Walt Disney World could be liable for death of boy snatched by alligator: Lawyers

Walt Disney World could be found liable and face a multimillion-dollar payout if the parents of a two-year-old Nebraska boy who was snatched and killed by an alligator at one of the amusement park’s hotels decide to launch legal action, experts say.

“I believe the parents could potentially have a wrongful death action they could bring against Walt Disney World for the tragic loss of their son,” said Orlando lawyer Matt Morgan, who has handled cases of negligence involving Florida theme parks.

“Disney has an obligation to warn their hotel guests of any and all dangerous conditions which they either know about or should know about it.”

The boy, Lane Graves, was snatched by an alligator Tuesday evening as he waded in shallow water of a lake at a Disney hotel. Divers recovered his body 16 hours later and authorities believe the alligator drowned him.

The beach, located at Disney’s Grand Floridian Resort and Spa across a lake from the Magic Kingdom, had “no swimming” signs but no warning about alligators.

‘Could not have appreciated the risk’

“This family is from Nebraska and could not have appreciated the risk of alligators in a close proximity to the sandy beaches which were open to hotel guests,” Morgan said.

According to Florida law, a property owner is not responsible for the acts of an animal on its property if those acts are consistent with the nature of the animal, said Lyrissa Lydsky, a University of Florida law professor whose specialties include tort law.

“However, the real question is not whether the alligator was doing what alligators do in Florida,” she said. “The real question is, was the family given sufficient warning so they would know to not let their child near the edge of the water.”

Under common law, there can also be liability for injuries caused by wild animals in your possession, Jonathan Turley, a George Washington University law professor, wrote in his blog.

But Turley said that would raise the question of whether alligators are in the legal possession or control of Disney if they occupy the lake. He noted that in a 1997 case where a rabid mongoose attacked a guest at a Hyatt in Puerto Rico, the hotel was not found to be strictly liable.

Florida Fish and Wildlife Conservation officers search for Lane Graves, 2, after he was dragged away by an alligator at the Grand Floridian Resort at Disney World on Tuesday evening. (Red Huber/Orlando Sentinel/Associated Press)

However, with respect to Disney, there would still “remain a powerful case of negligence,” he said.

There have been reports of frequent alligator sightings at Walt Disney World. Mike Hamilton, a Floridian custodian, told the Orlando Sentinel that he was concerned about alligators occasionally swimming up close to the shore of Seven Seas Lagoon and that he had warned managers they should fence off the area.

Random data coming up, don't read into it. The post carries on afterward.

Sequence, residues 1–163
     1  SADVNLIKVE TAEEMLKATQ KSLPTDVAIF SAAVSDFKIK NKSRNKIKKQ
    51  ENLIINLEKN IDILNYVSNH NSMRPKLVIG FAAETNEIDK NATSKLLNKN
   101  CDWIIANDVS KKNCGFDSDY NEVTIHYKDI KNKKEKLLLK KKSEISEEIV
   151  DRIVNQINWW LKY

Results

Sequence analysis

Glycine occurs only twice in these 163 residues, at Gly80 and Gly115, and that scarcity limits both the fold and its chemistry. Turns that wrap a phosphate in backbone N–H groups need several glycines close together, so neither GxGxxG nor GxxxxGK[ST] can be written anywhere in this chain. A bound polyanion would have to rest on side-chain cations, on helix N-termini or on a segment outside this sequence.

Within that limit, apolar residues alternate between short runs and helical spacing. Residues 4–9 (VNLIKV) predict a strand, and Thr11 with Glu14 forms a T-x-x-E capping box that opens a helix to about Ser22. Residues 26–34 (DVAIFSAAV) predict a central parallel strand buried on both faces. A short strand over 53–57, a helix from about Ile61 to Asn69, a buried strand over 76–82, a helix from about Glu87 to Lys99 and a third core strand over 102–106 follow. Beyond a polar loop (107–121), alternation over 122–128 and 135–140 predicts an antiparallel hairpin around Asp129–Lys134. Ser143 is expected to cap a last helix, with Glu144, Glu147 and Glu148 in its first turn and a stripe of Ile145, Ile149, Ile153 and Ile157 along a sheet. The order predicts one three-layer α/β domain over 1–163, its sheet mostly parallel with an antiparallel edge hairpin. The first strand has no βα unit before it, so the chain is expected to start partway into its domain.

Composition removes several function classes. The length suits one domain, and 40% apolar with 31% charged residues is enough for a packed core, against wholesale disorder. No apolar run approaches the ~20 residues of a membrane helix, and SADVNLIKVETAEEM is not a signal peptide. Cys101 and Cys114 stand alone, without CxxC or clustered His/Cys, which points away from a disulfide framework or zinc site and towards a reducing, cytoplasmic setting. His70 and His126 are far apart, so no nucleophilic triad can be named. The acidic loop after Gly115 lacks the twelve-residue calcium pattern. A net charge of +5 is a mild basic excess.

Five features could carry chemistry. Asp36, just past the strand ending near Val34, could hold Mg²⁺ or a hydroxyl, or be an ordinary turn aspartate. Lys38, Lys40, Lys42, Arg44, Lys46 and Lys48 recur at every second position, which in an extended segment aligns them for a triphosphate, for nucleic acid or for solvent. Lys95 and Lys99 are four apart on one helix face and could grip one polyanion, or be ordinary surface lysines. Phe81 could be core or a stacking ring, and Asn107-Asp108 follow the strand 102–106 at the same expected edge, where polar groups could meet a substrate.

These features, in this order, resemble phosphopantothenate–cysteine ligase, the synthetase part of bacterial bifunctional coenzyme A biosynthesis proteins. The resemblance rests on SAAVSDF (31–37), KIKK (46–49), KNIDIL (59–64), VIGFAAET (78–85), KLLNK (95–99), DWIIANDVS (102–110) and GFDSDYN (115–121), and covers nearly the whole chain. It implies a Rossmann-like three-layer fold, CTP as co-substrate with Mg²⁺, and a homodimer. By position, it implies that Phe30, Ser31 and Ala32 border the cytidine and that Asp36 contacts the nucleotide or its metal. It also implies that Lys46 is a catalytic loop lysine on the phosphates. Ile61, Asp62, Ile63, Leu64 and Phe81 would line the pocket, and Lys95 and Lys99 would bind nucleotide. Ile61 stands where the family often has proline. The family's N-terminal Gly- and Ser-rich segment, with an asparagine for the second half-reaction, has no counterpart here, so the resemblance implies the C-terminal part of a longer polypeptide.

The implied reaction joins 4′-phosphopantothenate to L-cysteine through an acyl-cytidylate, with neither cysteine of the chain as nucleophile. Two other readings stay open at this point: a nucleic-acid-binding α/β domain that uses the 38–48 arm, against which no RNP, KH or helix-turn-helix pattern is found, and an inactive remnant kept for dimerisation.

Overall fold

One South Carolina man told the Sentinel he alerted a Grand Floridian employee after seeing an alligator in the lagoon less than an hour before the boy was attacked.

‘Foreseeable to warn guests’

“If there was any kind of notice that the pond had alligators, then it was clearly foreseeable to warn guests of the dangers,” Lydsky said.

“And even if not, in Florida, it is foreseeable an alligator could be in any standing body of water. It is a very common event to have any kind of alligator.”

The company said it will add alligator warnings and temporary barriers at its beaches while it works on “permanent, long-term solutions.” 

“We continue to evaluate processes and procedures for our entire property, and, as part of this, we are reinforcing training with our cast for reporting sightings and interactions with wildlife and are expanding our communication to guests on this topic,” Jacquee Wahler, vice-president of Walt Disney World Resort, said in a statement.

Grand Floridian hotel florida

An area near where an alligator dragged a two-year-old boy into the water near Disney’s upscale Grand Floridian Resort & Spa in Orlando. (Timothy Neesam/CBC)

Shawn Bayern, a law professor at Florida State University College of Laws, said some states take violations of warning signs quite seriously, even if the warnings don’t convey the relative danger.

“So there are some courts that adopt a formalistic view that violating a warning almost means you’re fair game for injury,” he said, but those courts are in the minority and aren’t found in Florida.

If a case against Disney did make it to trial, a jury could award the family damages in the eight-figure range, Morgan said. He said he doesn’t believe Disney would offer a large enough settlement, increasing the likelihood the case could go to trial.

But both Bayern and Lydsky disagreed, saying Disney has an incentive to keep this tragedy out of the courts.

“Liable is almost academic because I am positive that Disney is going to want settle with this family if they choose to pursue anything … because of the public relations aspects of the case,” said Lydsky.

“Disney is known to be a family friendly place and they are never ever going to want to go to court with a case like this. Regardless what the law is.”

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